It’s not even remotely May yet, but the Vatican already published the text of Pope Benedict’s message for the World Communications Day, on 16 May 2010.
The Holy Father connects the theme of the day, The Priest and Pastoral Ministry in a Digital World: New Media at the Service of the Word, to the ongoing Year for Priests, and as such the target audience seems to be mostly the priesthood. The pope aptly identifies modern communication as an arena in which the Church, and priests especially, must invest.
The spread of multimedia communications and its rich “menu of options” might make us think it sufficient simply to be present on the Web, or to see it only as a space to be filled. Yet priests can rightly be expected to be present in the world of digital communications as faithful witnesses to the Gospel, exercising their proper role as leaders of communities which increasingly express themselves with the different “voices” provided by the digital marketplace. Priests are thus challenged to proclaim the Gospel by employing the latest generation of audiovisual resources (images, videos, animated features, blogs, websites) which, alongside traditional means, can open up broad new vistas for dialogue, evangelization and catechesis.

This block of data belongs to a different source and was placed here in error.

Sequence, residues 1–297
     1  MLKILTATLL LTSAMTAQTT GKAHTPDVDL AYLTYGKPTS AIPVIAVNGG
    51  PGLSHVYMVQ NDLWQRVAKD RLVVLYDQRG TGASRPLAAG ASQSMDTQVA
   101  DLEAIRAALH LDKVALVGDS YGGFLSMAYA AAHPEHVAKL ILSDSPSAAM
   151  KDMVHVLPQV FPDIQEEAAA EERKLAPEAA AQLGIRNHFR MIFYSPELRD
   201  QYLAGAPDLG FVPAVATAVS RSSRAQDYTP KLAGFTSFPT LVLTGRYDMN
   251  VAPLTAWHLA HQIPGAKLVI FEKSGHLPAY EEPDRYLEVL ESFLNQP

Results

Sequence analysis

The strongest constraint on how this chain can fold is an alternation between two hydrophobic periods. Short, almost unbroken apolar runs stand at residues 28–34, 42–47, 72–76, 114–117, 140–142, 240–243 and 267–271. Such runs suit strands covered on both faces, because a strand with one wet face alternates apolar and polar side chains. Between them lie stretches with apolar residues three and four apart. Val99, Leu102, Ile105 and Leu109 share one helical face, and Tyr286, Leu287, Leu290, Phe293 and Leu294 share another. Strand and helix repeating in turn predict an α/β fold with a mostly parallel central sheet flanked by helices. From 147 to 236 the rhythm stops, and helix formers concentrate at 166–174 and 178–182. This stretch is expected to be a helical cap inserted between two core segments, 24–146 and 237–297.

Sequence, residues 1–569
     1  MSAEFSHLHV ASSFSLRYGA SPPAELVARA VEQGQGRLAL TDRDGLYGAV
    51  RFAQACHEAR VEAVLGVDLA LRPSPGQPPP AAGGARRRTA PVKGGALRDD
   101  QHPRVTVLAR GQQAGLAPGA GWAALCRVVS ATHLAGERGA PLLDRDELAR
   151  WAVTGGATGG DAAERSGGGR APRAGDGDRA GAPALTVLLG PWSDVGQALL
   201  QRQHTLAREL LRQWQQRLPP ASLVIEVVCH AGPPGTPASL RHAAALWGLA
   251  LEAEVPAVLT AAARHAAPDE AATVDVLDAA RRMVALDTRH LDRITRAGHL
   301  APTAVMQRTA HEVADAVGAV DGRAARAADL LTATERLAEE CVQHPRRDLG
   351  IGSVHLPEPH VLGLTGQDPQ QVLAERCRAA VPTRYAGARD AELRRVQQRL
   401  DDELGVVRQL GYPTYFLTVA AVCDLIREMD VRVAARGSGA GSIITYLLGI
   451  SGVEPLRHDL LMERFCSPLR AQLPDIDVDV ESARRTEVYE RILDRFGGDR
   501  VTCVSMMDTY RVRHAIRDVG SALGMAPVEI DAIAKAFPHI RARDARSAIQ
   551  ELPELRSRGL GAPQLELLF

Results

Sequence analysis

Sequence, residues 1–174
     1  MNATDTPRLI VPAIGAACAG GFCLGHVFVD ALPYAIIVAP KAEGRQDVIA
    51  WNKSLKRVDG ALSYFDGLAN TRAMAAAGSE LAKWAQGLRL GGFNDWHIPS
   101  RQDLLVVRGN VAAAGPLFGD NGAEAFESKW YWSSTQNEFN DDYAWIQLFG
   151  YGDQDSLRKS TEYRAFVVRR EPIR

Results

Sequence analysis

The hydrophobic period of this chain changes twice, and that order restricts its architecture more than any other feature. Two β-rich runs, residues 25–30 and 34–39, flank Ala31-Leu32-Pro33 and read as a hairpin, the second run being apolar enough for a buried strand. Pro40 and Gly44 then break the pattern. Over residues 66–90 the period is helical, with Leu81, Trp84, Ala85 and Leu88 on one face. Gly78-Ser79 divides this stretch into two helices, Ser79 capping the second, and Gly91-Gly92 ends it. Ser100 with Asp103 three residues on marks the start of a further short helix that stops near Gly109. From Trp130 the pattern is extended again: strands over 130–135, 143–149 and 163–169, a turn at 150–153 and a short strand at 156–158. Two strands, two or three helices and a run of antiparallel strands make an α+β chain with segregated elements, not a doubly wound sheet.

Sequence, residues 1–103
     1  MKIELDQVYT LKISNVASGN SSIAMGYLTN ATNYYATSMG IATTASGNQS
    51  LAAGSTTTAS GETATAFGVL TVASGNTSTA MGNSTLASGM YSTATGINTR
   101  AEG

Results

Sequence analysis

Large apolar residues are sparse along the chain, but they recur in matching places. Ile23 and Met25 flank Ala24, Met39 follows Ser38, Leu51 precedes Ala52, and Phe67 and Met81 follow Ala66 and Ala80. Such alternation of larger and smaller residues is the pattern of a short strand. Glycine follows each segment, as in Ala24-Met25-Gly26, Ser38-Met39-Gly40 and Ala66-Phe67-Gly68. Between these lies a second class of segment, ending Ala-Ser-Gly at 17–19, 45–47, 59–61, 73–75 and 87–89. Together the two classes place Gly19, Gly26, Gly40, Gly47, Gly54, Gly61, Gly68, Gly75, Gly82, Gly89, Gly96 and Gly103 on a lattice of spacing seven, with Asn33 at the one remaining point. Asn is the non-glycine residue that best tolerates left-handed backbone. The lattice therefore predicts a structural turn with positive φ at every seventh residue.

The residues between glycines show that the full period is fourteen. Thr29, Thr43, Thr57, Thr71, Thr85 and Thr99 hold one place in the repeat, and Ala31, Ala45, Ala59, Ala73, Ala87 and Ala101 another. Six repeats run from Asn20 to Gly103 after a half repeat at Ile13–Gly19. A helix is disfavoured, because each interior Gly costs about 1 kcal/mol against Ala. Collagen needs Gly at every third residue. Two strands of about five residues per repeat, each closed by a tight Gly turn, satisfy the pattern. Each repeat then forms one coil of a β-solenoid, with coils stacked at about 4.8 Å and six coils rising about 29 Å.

The world of modern communications, especially the internet, is not simply a place to reach out to Catholics. It very clearly is a plce where priests can make God present for all, believer and non-believers alike.
Just as the prophet Isaiah envisioned a house of prayer for all peoples (cf. Is 56:7), can we not see the web as also offering a space – like the “Court of the Gentiles” of the Temple of Jerusalem – for those who have not yet come to know God?
These are very keen and important observations, I think. With many people being very active online, it would be quite strange if the Church would not do anything with that. The pope accurately quotes St. Paul, from the letter to the Romans: “But how can they call on him in whom they have not believed? And how can they believe in him of whom they have not heard? And how can they hear without someone to preach? And how can people preach unless they are sent?”
Not just important, it’s an obligation.